The comparison of the triplet absorption features in Fig. 2 that were measured in crystalline films and in CCl4 solution suggests that these are reporting vibrational features of the same types of electronic states. In crystalline films, the triplet vibrational feature does not appear until proximal triplet pairs 1(TT) dissociate into separated triplet pairs 1(T⋯T).28 We did not resolve the singlet fission dynamics in solution on ultrafast time scales in this study and so did not determine whether proximal triplet pairs form first in solution prior to triplet pair separation. However, the low electronic coupling between TIPS-Pn molecules in solution (evidenced by the lack of perturbation of the electronic states of the conjugated cores, Fig. 4) indicates that the triplet pair states that form on nearest neighbors in solution may already be separated by their TIPS side groups and may more closely resemble 1(T⋯T) states observed in crystalline films.28 For simplicity, these vibrational features have been labeled T in Fig. 2 with the understanding that the nature of the electronic states possessing these vibrational modes is still the subject of investigation.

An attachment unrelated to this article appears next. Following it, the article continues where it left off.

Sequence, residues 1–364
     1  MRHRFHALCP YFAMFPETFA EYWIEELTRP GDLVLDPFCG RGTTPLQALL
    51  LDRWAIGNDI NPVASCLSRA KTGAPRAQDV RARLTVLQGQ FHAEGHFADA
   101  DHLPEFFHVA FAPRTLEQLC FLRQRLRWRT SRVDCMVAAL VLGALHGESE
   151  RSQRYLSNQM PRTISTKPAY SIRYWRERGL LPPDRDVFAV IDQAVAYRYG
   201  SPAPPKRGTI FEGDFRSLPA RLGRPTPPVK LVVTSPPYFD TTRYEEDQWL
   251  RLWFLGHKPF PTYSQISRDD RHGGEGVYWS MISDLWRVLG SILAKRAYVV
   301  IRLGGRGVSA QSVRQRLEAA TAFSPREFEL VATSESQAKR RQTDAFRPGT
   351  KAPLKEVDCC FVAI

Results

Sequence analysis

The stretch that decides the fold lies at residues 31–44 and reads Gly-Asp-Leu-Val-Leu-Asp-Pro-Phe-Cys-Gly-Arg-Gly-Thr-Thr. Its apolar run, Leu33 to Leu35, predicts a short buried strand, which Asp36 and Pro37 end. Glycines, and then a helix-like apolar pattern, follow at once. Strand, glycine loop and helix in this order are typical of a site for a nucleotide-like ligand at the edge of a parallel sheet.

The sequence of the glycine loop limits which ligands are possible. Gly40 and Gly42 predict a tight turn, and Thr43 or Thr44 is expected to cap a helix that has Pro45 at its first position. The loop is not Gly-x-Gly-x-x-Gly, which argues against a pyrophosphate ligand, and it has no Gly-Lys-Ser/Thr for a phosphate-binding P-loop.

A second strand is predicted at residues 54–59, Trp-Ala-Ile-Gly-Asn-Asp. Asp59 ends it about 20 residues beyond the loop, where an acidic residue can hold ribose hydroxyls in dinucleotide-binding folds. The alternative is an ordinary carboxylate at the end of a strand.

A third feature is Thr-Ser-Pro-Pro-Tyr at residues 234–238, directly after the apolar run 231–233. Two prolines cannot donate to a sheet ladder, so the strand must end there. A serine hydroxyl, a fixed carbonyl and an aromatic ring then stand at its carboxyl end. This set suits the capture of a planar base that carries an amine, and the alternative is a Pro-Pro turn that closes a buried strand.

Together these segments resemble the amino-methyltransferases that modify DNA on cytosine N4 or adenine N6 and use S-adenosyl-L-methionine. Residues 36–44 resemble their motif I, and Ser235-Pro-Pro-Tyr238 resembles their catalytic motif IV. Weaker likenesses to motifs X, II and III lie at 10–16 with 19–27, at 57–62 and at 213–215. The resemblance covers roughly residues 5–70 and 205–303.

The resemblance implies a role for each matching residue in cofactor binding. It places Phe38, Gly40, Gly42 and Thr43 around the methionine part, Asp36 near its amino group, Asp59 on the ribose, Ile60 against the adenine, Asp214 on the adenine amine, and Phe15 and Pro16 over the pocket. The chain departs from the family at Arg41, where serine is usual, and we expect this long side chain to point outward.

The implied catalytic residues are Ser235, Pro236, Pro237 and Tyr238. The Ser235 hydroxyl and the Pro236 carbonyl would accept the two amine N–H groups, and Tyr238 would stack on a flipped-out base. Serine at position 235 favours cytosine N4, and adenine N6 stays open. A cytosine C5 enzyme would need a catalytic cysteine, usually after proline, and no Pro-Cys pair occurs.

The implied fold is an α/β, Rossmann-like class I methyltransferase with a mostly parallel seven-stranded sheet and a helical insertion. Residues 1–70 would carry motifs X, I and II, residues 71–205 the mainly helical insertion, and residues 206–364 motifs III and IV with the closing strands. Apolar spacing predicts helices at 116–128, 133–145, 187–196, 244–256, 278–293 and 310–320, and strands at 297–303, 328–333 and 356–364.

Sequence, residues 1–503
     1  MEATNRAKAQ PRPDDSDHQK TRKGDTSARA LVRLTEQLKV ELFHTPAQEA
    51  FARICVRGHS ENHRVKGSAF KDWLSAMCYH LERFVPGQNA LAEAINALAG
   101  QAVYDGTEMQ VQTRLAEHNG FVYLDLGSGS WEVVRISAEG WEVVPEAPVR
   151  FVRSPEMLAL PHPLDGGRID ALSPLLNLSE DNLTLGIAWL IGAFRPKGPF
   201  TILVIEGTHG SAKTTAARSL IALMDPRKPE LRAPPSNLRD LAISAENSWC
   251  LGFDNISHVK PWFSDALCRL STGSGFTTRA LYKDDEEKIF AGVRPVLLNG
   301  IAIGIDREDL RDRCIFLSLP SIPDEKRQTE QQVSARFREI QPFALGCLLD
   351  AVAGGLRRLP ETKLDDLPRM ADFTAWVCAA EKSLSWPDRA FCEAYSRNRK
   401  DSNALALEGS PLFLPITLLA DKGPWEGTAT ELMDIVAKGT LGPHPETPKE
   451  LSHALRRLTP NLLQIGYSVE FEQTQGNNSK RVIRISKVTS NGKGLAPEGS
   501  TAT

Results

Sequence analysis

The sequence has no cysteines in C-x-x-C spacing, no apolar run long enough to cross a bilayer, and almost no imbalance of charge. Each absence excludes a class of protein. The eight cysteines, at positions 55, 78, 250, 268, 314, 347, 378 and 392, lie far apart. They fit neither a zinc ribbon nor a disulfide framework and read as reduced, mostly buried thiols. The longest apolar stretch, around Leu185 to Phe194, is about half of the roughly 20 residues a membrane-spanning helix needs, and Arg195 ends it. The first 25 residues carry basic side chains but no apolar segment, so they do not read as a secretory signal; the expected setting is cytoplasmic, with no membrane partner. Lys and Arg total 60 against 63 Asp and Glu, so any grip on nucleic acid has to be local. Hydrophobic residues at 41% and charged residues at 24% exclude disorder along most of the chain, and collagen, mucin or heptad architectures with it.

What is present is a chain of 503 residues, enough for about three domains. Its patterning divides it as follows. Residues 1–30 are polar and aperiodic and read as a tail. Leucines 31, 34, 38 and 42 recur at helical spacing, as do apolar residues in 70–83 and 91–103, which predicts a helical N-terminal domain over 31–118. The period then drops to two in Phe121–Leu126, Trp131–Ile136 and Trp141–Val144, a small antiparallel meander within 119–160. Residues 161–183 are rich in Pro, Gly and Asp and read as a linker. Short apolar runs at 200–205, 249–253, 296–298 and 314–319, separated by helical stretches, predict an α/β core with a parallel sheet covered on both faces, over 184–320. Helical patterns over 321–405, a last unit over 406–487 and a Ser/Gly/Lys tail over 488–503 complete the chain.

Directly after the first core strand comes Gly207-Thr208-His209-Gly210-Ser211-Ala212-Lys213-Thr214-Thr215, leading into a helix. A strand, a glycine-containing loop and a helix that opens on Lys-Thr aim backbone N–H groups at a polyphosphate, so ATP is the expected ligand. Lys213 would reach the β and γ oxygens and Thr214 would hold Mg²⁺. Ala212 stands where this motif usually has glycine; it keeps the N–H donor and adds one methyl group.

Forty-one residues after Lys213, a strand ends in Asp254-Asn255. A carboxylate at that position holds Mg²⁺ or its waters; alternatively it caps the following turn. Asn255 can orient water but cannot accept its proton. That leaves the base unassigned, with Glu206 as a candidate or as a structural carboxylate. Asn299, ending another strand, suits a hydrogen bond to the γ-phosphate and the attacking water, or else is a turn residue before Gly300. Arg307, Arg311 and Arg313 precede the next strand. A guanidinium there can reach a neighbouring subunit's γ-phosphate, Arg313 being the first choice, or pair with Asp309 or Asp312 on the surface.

We used the sensitivity of the vibrational modes of the model singlet fission chromophore 6,13-bis(triisopropylsilylethynyl)pentacene (TIPS-Pn) to their local molecular environments to examine the origins of singlet fission in solution when molecules are not tethered by a covalent linkage. We report distinct vibrational frequencies of alkyne stretch modes of side groups of TIPS-Pn molecules in their triplet excited states that permit direct examination of the separation of proximal triplet pair states 1(TT). Furthermore, the C—H stretch vibrational modes of alkyl chains of the TIPS side groups allowed us to detect aggregation of TIPS-Pn molecules in solution. The interactions between TIPS-Pn molecules were mediated through their side groups rather than through π-π interactions of their pentacene cores, which prevented detection of the aggregates through their electronic spectra in previous studies. These interactions through the side groups also broke the symmetry of the TIPS-Pn molecules and enhanced the absorption intensity of the formally symmetry forbidden symmetric alkyne stretch mode in solution. In contrast, the symmetry of the ordered crystalline environment of TIPS-Pn crystals suppressed the symmetric stretch but permitted the formation of triplet states to be probed via the higher frequency antisymmetric alkyne stretch mode in crystalline films. The symmetric alkyne stretch mode should be Raman active and enable investigations of the dynamics of triplet states in crystalline films using Raman spectroscopy methods.48,49